Tag: Divorce

Choosing Legal Guardians for Kids When Mom and Dad are Divorced | Houston Wills Lawyer

As a Houston wills lawyer, I can not state emphatically enough how important it is for all parents to create a comprehensive plan that will protect their children should the unthinkable occur.

But what happens if you are divorced and can not come to an agreement with your ex-spouse as to who should raise your kids if something happens to you? Should you go ahead and document your own guardianship wishes anyway? And just whose wishes would hold up in court?

In most cases, if your child’s biological parent is still living at the time of your death and you share custody, your children will be raised by the surviving parent, unless there is some clear reason why that should not happen.

There is nothing you can do about this unless you can prove that the child’s biological parent is unfit to raise your child and make a compelling case as to why your guardianship nominations should be honored under the circumstances.

Examples of this might include a severe drug addiction, criminal past or a history of abuse.

However, if this is unlikely, the next best thing to do is name guardians anyway so that your wishes for the care of your children will be known and taken into consideration should your ex-spouse also pass away before your kids reach the age of 18.

This is especially important in the event your ex-spouse did not legally document his or her guardianship wishes upon passing, as your wishes would then be given priority over, say, an unwilling step-parent (just think back to the Cinderella story for a chilling example of this).

Finally, if you are a single parent and have concerns not only about guardianship but also concerning your ex-spouse handling any assets you would leave to your kids if you passed away first, I encourage you to meet with a Houston wills lawyer right away so you can protect such funds in a trust. If you need help getting started with this, please feel free to give us a call at Hegwood Law Group and request a consultation: (218) 218-0880.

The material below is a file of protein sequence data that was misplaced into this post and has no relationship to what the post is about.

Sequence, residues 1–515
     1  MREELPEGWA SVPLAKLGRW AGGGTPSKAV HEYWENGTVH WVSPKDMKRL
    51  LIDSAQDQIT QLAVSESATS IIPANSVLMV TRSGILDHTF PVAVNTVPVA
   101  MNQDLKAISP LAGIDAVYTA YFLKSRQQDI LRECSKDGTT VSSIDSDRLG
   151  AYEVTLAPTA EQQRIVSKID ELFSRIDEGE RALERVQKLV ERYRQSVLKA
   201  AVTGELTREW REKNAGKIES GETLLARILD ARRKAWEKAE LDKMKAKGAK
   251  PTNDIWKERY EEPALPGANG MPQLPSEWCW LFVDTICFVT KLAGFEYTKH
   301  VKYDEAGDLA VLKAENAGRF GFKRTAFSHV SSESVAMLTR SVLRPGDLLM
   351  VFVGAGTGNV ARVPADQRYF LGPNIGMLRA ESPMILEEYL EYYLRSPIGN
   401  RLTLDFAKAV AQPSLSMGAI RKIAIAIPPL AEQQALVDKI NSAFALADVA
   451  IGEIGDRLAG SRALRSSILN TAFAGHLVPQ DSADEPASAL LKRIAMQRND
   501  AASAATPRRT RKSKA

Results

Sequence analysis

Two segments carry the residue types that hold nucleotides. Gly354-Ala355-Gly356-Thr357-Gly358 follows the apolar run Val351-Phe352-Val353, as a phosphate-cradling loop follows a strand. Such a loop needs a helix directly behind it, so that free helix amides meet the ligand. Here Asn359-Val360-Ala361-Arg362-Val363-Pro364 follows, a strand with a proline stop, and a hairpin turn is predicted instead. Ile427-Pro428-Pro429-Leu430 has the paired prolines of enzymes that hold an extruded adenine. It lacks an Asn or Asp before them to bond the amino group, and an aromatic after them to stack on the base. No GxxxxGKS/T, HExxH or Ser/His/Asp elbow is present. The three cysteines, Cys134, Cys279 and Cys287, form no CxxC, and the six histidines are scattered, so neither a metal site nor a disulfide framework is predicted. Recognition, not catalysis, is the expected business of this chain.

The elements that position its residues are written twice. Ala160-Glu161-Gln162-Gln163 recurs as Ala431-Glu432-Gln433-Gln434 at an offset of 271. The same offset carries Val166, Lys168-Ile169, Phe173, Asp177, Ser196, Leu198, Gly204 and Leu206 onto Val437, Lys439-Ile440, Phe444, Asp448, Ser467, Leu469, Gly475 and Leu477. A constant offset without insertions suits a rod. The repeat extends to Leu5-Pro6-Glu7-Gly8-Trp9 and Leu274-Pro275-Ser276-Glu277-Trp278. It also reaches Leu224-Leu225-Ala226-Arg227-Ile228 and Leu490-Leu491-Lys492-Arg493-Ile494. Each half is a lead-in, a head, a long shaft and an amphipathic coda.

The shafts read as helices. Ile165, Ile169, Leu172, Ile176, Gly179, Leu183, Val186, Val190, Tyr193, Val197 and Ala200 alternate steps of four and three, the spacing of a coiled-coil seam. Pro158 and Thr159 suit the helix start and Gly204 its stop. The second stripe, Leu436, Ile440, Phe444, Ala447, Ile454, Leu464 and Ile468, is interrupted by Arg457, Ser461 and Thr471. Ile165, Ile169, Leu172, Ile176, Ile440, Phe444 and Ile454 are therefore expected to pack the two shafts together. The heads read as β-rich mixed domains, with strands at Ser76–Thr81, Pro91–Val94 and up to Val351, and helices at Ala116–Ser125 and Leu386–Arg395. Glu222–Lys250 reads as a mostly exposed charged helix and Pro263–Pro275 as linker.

Estate Planning Needs to Happen After a Divorce

Bigstock-Beautiful-woman-looking-throug-20311445When your marriage ends, you need to immediately take action to make certain your interests are protected and that your estate plan reflects your new marital status.

What should you change? Forbes says, in two words, almost everything.

In "5 Things You Need To Do After Getting A Divorce,” Forbes says that once your divorce is final—with your divorce decree approved and the judgment rendered by the family court judge—you should immediately review and revise, if necessary, the following legal and estate planning documents:

  • Trusts
  • Powers of Attorney (property, healthcare, HIPAA, etc.)
  • Will (if you have one)
  • Life insurance policies
  • Retirement accounts

For example, if your ex-spouse remains the beneficiary of your life insurance policy and you pass away, the proceeds will go to your ex-spouse instead of your children. That might not be what you want now.

If you don't have a valid will in place, since after a divorce an ex-spouse is no longer legally considered to be an heir, he or she will not be in line to receive anything from your estate. With your retirement accounts, after a divorce, you may revise your will to say that your 401(k) goes to your children, but if your wife remains the beneficiary of the plan, then she will get those funds. The retirement plan designations take priority over your will. The same is true for life insurance: proceeds will go to the named beneficiaries of those policies, rather than those named in a will.

Remember that when you make changes to estate planning documents, be sure those changes are in sync with the terms of your divorce decree. If the divorce decree states that your ex-spouse is to remain the beneficiary of a life insurance policy, you don't want to change that beneficiary designation on the policy.

Reference: Forbes (February 26, 2016) "5 Things You Need To Do After Getting A Divorce”